This is the hypothesis of Martina Wing and Keller Laros, two divers involved in the encounter who have been interviewed widely over the last week. Here's how it unfolded. A bottlenose dolphin came up to a group of divers who were set up with cameras and bright lights to watch manta rays feed on plankton. The dolphin was swimming strangely and making odd clicking noises. Veteran diver Martina Wing, who's been diving for years, said she had never seen a dolphin behave that way. It seemed to be circling them, trying to tell them something. Then, suddenly, diver Keller Laros noticed that the dolphin's left fin was all tangled up in fishing line.
Laros started to work at the line on the dolphin's fin, but after a few moments, the dolphin started to drift out of arm's reach. Without thinking about what he was doing, Laros did an odd thing. He reached out his hand and gestured with his fingers... "Come here."
Perhaps there was a flash, ever so small, in which the thought formed in Laros' mind: what the heck did I just do? That there is a wild dolphin. It doesn't understand human gestures, and it has no reason to respond to human come hithers. But perhaps there was no time for thoughts like these. Because the dolphin... hithered. It swam in closer to Laros and rolled over, letting Laros cut away the fishing line with his dive knife. Once untangled, the dolphin swam away. Everybody emerged unharmed.
This whole episode reminds me so much of the Whale Rescue story that starts off our Animal Minds show. It's nearly identical. The calmness of the huge sea-creature, even as the humans came at it with knives. The certainty of the humans, who felt a communication had transpired. A "thank you" from a whale. A "help me" from a dolphin.
Only this time? There's video (if you want to skip ahead, Laros makes two gestures a little after the 4:35 mark -- one right before, and one right after, he pulls out his dive knife):
So watch, fair skeptics, and parse away. Did a real moment of inter-species communication take place? Or is this just googly-eyes in the water?
Keller Laros, recalling his experience in the water in an interview with CBS News, was humbled by what he saw as a moment of real understanding: "The fact that he seemed to recognize my gesture," he said, "that blew me away." But a dolphin expert with a bit more distance, Justin Gregg, saw the encounter a little differently from the dryland of his desk chair. On his blog, he wouldn't come out and say that the dolphin "asked for help," but he did find its behavoir odd as heck. "I am amazed at how boldly this animal approached the divers, how close he got, and how easily he tolerated being touched and prodded. This is especially baffling if, as I suspect, this dolphin had not had much exposure to human divers, snorkelers, or swimmers in the past... this level of contact – which appears to be a once-off occurrence – is rather rare." And then of course, someone like Clive Wynne, who we talked to in our Animal Minds show, would surely urge us to consider the fact that, in addition to the humans, the dolphin also approached a mooring. So maybe what happened here was less a grand communication across the great divide, and more a big sea mammal approaching a thing against which it hoped to scratch itself.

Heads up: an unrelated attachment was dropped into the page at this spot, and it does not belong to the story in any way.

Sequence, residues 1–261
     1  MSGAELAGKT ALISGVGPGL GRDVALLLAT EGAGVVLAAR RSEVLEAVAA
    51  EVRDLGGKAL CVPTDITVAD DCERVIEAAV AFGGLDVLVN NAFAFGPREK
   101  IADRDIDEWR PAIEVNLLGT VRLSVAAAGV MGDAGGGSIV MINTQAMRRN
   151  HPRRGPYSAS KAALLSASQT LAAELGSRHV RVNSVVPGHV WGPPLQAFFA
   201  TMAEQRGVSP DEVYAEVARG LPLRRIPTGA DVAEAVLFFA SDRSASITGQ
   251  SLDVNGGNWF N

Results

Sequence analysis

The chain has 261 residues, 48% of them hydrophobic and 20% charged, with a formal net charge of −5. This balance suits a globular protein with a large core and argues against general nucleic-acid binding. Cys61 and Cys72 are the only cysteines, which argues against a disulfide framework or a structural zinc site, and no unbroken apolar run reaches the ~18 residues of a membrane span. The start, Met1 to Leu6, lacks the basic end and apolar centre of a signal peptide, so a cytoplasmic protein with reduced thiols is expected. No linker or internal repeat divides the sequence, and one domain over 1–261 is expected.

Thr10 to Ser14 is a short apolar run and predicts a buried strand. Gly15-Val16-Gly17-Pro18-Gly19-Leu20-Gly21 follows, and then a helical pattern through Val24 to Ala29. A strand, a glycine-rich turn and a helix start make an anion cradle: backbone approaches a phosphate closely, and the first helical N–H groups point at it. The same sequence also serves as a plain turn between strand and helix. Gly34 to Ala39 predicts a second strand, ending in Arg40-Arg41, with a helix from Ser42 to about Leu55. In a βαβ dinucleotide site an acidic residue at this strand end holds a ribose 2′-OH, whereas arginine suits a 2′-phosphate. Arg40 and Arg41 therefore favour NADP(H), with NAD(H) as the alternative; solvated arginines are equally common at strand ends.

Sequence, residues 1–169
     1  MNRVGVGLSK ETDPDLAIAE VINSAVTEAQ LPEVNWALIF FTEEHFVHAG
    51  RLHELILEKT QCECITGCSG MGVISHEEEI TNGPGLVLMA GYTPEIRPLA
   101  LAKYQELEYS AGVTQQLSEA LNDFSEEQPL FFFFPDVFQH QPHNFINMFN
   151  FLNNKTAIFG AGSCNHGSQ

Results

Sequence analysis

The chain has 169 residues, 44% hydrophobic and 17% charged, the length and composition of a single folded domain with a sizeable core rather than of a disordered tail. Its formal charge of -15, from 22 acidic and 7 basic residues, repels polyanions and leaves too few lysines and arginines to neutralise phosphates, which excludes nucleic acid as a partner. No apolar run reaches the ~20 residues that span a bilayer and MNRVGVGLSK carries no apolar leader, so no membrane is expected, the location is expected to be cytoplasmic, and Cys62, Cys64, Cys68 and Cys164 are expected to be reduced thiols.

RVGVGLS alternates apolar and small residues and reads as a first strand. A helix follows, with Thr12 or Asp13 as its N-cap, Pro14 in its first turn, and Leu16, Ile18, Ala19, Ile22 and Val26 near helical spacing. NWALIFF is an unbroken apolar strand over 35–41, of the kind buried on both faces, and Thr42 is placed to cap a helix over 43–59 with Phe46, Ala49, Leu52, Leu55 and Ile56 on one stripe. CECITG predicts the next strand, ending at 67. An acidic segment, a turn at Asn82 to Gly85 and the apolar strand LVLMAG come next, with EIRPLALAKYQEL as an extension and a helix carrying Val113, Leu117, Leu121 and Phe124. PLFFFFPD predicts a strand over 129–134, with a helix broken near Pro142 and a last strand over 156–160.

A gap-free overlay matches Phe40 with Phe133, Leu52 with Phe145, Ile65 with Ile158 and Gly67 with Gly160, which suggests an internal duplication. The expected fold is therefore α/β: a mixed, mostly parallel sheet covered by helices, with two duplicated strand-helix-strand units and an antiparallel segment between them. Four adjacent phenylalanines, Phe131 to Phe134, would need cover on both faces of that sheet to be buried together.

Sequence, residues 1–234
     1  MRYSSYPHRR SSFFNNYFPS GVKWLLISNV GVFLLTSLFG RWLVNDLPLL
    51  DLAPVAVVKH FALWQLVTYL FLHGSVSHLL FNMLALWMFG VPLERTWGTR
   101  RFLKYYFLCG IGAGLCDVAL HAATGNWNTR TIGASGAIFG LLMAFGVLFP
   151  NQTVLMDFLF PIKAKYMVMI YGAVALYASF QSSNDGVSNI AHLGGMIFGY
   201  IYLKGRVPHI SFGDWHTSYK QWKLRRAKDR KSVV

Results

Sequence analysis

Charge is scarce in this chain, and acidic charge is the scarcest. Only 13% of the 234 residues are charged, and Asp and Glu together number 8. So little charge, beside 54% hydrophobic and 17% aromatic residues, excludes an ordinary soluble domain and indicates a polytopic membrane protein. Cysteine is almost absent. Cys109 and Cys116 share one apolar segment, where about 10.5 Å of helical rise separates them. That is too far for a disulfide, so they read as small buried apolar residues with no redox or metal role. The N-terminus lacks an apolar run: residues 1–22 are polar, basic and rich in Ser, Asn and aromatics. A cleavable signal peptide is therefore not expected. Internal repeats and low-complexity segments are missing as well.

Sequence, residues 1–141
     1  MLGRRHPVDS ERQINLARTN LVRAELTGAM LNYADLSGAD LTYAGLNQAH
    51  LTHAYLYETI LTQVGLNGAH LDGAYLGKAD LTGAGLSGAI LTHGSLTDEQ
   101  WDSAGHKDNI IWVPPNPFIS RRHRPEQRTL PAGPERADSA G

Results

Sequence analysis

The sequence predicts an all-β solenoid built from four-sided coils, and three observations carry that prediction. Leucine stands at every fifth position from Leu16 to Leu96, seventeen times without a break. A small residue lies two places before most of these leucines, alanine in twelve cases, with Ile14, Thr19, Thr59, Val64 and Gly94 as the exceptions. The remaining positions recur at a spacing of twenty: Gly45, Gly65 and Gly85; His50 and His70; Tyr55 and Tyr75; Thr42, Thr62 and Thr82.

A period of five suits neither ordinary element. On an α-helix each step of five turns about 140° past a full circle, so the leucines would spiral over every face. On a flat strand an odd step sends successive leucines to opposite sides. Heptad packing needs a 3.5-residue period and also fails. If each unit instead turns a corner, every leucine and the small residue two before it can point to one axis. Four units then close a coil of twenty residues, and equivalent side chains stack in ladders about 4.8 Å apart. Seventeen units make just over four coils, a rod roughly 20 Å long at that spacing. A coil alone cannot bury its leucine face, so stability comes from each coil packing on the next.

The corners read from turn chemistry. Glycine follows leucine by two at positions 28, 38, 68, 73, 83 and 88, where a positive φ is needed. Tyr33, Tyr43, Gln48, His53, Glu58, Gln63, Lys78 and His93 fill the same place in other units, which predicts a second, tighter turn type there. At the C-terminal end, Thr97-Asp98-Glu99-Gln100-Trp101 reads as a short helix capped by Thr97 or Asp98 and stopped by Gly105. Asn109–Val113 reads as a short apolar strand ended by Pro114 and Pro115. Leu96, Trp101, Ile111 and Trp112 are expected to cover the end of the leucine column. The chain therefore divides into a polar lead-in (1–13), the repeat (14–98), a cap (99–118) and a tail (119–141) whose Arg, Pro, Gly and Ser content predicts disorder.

We probably can't know for sure.
We are each of us caged, by our own googly or squinty eyes, to see it how we're gonna see it.
Please weigh in -- we'd love to hear what you think.
And before I sign off, I'll leave you with only ONE of the myriad amazing dolphin stories I encountered while looking into this: these dolphins MAKE an impromptu raft to keep an injured dolphin afloat and able to breathe.
Lulu makes radio, pie, and stories in the hills of Charlottesville, VA. She first heard Radiolab when she was working as a woodworker's assistant in Brooklyn. And that changed everything. She thinks it is Miracle Gro for the mind and hopes to be making the stuff till she is blue in the hair. You can read and listen to her stories at LuTimesTwo.com.